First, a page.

The weekly commitment of traders report documents the total net short position of commercial traders in the commodity markets. The monthly bank participation reports disclose the holdings of U.S. banks in various markets. In a letter to GATA dated February 19, 2009, Laura Gardy, a CFTC legal assistant, wrote, "The commission determined that where the number of banks in each reporting category is particularly small, fewer than four banks, there exists the potential to extrapolate both the identity of individual banks and the banks' positions. As a result, as of December 2009 the CFTC no longer names the number of banks when it is less than four."
The CFTC has been investigating possible manipulation of the silver market for more than a year, so this reporting change is disturbing to us, as it reduces transparency and the ability to uncover market manipulation.
The CFTC's own reports of November 2009 show that just two U.S. banks held 43 percent of the commercial net short position in gold and 68 percent of the commercial net short position in silver. In gold, these two banks were short 123,331 contracts but long only 523 contracts, and in silver they were short 41,318 contracts and long only 1,426 contracts. How improbable is it that these two banks attract most of the investors who want only to sell short? (See Footnote 5 below.)
It has been possible to extrapolate that the two banks that hold these large manipulative short positions on the Comex are JPMorgan Chase and HSBC because of their huge positions in the OTC derivatives market, whose regulator, the U.S. Office of the Comptroller of the Currency, does not provide anonymity when it publishes market data. (See Footnote 6 below.) In the first quarter 2009 OCC derivatives report, JPMorgan Chase and HSBC held more than 95 percent of the gold and precious metals derivatives of all U.S. banks, with a combined notional value of $120 billion. This concentration dwarfs the concentration in the gold and silver futures markets and should raise great concern about the lack of position limits on the Comex.
It is also disturbing to us that HSBC is the custodian for the major gold exchange-traded fund, GLD, and that JPMorgan Chase is the custodian for the major silver exchange-traded fund, SLV. It is a significant material omission to fail to disclose to GLD and SLV investors that the custodian banks of the two exchange-traded funds have an interest in falling prices in the futures and derivatives markets.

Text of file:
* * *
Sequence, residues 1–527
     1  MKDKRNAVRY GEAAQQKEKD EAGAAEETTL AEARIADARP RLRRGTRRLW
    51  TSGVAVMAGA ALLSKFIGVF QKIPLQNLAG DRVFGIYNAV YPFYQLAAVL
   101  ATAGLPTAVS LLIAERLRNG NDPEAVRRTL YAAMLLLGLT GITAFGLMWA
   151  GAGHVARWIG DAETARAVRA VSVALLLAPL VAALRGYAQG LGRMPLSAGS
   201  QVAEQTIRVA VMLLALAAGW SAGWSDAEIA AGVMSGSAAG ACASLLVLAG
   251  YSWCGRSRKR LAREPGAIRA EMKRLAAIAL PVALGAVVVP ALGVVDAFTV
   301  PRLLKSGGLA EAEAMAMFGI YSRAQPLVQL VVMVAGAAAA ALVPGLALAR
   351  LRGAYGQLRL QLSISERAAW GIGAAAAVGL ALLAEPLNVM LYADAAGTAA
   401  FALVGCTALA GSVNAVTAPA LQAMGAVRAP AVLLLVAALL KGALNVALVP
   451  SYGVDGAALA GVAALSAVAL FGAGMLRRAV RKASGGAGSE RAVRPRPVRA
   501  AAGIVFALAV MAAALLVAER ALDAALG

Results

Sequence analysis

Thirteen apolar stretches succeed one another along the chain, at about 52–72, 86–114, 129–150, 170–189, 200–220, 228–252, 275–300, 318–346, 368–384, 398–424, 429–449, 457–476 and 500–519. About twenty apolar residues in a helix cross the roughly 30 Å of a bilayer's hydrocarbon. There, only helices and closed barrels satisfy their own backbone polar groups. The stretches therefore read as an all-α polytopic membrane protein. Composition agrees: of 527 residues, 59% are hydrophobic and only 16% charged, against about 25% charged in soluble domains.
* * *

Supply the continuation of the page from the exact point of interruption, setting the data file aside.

Detailed daily monitoring of gold trading reveals these patterns:
1. In recent years gold price suppression has been apparent from the near-complete failure of the gold price to rise more than 2 percent per day on the Comex (what GATA calls the 2 Percent Rule) while there is no corresponding restriction on days when the gold price is falling.
2. At option expiry gold almost always falls to a point where a large number of call options have been written, nullifying the value of the options. Typically, the price rallies immediately after option expiration.
3. The gold price consistently falls at 3 a.m. New York time when the gold cartel’s traders report to work in London, and again following the PM gold price fix, when physical market pricing has concluded for the day, and in the access market following the Comex close.
No other market trades so repetitively.
GATA has evidence that there are enormous physical short positions in the gold and silver markets that cannot be covered. Because of the decades-long interference with the gold market, we estimate that the free-market price of gold is multiples of the current price. Growing stress caused by burgeoning physical bullion demand is threatening to lead to a price explosion, which will restore to the market the balance that regulation has failed to maintain. In our view, the Comex paper market will become dysfunctional, with "force majeure" having to be declared as the concentrated shorts are unable to deliver on their obligations.
We urge the CFTC to report fully and candidly on these markets and take appropriate action.
Sincerely,
WILLIAM J. MUPRHY III, Chairman
Gold Anti-Trust Action Committee Inc.

Relayer
10th March 2010, 22:54
Listen to this interview with Jim Sinclair. The reason(s) is(are) spelled out very clearly.


GOLD IS A CURRENCY.

Central Banks do not want anything competing with their FIAT CURRENCIES.